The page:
Water abstraction fees represent a flow of cash between companies that extract natural resources and the German State. Due to the different levy rates (inter alia) in individual Federal States, most payments lie below the materiality threshold agreed in the D-EITI, which is why they are not disclosed as a payment flow in the D-EITI report. Where companies in the extractive sector have reported water abstraction charges above the materiality threshold of €100,000, these can be found in the BilRUG payment reports.8


In Federal States in which legislation does not include an excavation law and the State-level Nature Conservation Law does not apply to the extraction of non-energetic, ground-based natural resources in the context of dry excavations, this type of natural resource extraction falls within the scope of the relevant state building regulations.

Legal limitations also exist: State building regulations apply to the excavation of solid rock (limestone, basalt, etc.), for example, in quarries with an area of up to 10 hectares (ha) in which no blasting is carried out. In the event that this area is exceeded, or if water bodies are formed after completion of the extraction operations, the German Federal Immission Control Act (BImSchG) and/or Water Resources Act (WHG) are applicable.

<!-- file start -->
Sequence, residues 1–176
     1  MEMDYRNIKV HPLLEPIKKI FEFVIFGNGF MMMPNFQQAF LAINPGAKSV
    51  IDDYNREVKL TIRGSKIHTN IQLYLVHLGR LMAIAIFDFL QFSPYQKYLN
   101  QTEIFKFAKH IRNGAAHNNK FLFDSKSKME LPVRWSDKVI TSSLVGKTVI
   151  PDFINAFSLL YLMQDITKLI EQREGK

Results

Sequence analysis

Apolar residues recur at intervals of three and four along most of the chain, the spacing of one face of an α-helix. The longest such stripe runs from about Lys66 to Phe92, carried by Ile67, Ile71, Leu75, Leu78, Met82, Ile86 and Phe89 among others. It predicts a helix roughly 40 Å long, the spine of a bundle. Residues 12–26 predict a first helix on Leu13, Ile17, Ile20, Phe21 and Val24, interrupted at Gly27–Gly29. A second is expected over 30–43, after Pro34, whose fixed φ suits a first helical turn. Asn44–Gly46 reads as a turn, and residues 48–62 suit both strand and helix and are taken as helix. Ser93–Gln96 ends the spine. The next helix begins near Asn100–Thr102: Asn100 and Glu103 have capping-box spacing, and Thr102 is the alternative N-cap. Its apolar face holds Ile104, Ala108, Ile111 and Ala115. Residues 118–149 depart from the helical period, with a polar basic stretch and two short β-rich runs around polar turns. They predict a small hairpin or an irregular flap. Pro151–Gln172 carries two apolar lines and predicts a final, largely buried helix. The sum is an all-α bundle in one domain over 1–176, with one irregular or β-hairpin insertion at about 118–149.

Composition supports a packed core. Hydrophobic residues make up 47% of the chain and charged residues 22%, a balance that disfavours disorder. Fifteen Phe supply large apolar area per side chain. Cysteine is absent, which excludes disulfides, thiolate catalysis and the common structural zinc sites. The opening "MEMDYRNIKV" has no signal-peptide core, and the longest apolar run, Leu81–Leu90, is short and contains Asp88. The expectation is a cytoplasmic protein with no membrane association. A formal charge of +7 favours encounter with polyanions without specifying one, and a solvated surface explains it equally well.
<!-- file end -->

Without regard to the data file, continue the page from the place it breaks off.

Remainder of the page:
In Bavaria and North Rhine-Westphalia, the above-ground excavation of non-energetic, ground-based natural resources in the context of dry excavations is determined at state level by the existing excavation laws (AbgrG). For the excavation of solid rock (limestone, basalt, etc.) in quarries where blasting does not occur, the AbgrG applies to sites with an area of up to 10 ha. In the event that this area is exceeded, or if water bodies are formed after completion of the extraction operations, the German Federal Immission Control Act (BImSchG) and/or Water Resources Act (WHG) are applicable. In the other Federal States, this type of natural resources extraction is regulated by the respective state building regulations or by the state-level nature conservation laws.

In general, the AbgrG applies to those raw materials the excavation of which is not directly subject to mining law or the mining authorities. These raw materials include (in particular) gravel, sand, clay, loam, limestone, dolomite and other rocks, bog mud and clays. However, the jurisdiction between AbgrG and mining law can vary from case to case in the case of certain raw materials, such as quartz gravels. The requested authority must always verify its own jurisdiction in each case. The AbgrG also encompasses surface area usage and the subsequent rehabilitation of the area.
The German Federal Immission Control Act (BImSchG) is the most important and practice-relevant law in the field of environmental law. It constitutes the basis for the approval of industrial and commercial installations. In the natural resources extraction industry, quarrying companies must have approval to extract stones and earth. Every quarrying area of 10 hectares or more must undergo a full approval procedure, including public participation and UVP (environmental impact assessment). A more simplified approval procedure is used for quarrying areas of less than 10 hectares.